Stolen – Damaged and Power-Washed! Will Banksy Survive? – New Group Forms To Protect Street Art
Last month just before the Oscars several new works by the Bristol born Artist, Banksy (AKA Robin Gunningham) appeared in various locations in Los Angeles. A number of these works have now been stolen, vandalized and destroyed by local councils and the public. The latest loss of a major work was located on a wall in Westwood California. It was created to promote his Oscar nominated documentary film, “Exit Through the Gift Shop”. The work was dubbed “The Crayola Shooter.” The image was spray-painted in an alleyway off Kinross behind Urban Outfitters, between Glendon and Westwood Blvd. The wall piece was an immediate hit with the public and even Urban Outfitters were thrilled to have the mural close by. An official from the retail chain stated, “We actually loved the painting, “Wall and Piece ” is one of our best selling book titles, in the store, so we are no stranger to Banksy”. The artwork has now been removed or power-washed off the building, raising questions as to who the culprits were that removed it.
Other works have been cut away with angle grinders or torn down by billboard companies. CBS should be held accountable for the destruction of the iconic drunken Mickey and Minnie Mouse, an image of Mickey Mouse, putting his arm around a scantily clad model, with Minnie Mouse watching off to the side. This work shot around the world on the news and went viral on the web. It was recently witnessed being pulled down by workers who crumpled it up and dumped it on a CBS back lot. The work is estimated to be worth around $200,000 on the open market but who owns it? It is high time we put a stop to the disregard and destruction of these cultural icons. ArtLyst has started a Facebook page dedicated to listing and protecting works by Banksy and other quality street artists. If you would like to join and show your support…..
Here is the link: SOSA Save Our Street Art
SOSA is the start of a lobbing group which plans to list and put pressure on Local Councils to be responsible for the protection of these works. It is time to start treating them as they would any piece of public art under their control. Camden Council removed one of Banksy’s best known works (French Maid ) stating that it encouraged anti social behavior.
These works are in desperate need of preservation some are flaking and must be put under protective care. A worldwide preservation society needs to be actioned immediately, if we are to protect these important 21st century frescoes.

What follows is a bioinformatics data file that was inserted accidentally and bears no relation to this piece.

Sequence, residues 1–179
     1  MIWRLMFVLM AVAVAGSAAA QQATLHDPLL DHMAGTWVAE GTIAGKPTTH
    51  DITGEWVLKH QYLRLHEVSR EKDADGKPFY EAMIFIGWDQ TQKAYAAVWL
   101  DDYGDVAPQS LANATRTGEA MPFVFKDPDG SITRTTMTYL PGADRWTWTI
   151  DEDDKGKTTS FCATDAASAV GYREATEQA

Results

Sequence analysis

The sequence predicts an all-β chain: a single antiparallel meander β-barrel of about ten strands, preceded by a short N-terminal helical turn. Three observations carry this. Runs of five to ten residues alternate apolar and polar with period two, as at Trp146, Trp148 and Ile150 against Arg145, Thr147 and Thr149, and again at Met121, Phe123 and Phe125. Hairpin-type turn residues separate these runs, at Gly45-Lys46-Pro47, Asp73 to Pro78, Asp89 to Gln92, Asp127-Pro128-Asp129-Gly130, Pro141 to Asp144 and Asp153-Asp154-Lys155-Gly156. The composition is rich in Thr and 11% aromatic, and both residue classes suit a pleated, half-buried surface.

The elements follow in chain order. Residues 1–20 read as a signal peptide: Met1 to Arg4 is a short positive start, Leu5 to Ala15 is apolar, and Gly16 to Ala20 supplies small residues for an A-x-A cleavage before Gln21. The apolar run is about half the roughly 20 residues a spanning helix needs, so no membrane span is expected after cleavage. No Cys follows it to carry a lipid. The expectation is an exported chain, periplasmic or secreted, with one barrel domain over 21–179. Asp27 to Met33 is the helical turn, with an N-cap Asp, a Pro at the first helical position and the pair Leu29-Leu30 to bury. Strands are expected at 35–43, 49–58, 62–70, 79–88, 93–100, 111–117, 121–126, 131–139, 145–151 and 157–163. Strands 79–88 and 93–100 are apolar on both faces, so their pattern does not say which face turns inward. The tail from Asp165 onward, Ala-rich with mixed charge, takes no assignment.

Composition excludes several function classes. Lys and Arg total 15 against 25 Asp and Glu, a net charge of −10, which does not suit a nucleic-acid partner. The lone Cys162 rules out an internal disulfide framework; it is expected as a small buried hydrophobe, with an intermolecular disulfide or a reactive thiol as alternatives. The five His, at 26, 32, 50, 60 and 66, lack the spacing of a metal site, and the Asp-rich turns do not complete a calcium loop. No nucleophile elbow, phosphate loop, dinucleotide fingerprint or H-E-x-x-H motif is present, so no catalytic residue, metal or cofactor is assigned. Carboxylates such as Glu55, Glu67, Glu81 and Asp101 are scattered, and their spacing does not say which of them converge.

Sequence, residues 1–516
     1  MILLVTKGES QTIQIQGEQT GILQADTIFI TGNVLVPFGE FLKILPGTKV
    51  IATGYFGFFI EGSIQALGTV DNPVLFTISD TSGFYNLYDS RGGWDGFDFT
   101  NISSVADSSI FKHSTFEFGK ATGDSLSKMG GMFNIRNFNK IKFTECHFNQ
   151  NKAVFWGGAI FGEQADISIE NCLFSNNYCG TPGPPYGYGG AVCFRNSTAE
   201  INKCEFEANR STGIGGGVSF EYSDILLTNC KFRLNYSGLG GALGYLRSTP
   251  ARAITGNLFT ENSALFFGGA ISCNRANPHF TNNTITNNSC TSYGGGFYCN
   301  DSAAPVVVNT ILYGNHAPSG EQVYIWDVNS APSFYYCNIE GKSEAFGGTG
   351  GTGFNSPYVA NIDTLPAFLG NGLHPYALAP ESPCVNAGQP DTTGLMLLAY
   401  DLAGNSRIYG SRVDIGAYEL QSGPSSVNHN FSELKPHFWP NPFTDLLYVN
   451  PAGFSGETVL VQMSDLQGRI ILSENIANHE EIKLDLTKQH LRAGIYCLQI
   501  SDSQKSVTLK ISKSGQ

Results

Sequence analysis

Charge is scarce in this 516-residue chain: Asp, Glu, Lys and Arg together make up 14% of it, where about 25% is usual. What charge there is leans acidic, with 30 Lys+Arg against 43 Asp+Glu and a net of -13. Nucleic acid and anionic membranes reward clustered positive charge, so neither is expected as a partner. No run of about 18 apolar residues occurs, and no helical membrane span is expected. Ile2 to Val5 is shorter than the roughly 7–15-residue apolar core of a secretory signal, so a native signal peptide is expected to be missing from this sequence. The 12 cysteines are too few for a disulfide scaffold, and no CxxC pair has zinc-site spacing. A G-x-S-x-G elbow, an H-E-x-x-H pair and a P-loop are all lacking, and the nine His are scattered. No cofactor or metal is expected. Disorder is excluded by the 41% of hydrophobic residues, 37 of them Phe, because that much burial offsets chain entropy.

Recently Google launched “Google Street Art View”. The Street Map site can be utilized to showcase works of graffiti art from around the globe. This project has been realized through a collaboration between the Brazilian ad agency Loducca and Red Bull. It has created an innovative source for discovering new works, the project is user driven. Artwork is searchable by location or author, and while locations are restricted to those places where Google’s cameras have recorded the area, Street Art View’s goal was to be “the biggest art collection in the world”. After just a few days live, the platform had over 200 walls tagged in various countries, including big names such as Keith Haring, Os Gêmeos and Banksy. The drawback is that the photos were already a few years old and many of the works were gone. Another downside was that It pinpointed the works to thieves and over zealous councils who have than removed the works.
This type of technology is proof that we have the know-how and viewing platform but now need to protect our heritage. These 21st century cultural icons are valid works of contemporary art and need strict guidelines and preservation orders. They are not taken seriously by local councils and private owners who don’t differentiate the works from the thousands of Tags and sub grade quality Graffiti Art that appears and disappears every day in most cities across the world.
Many of the earlier works can be viewed on Google Street Art View
Watch Video of CBS Destroying a Banksy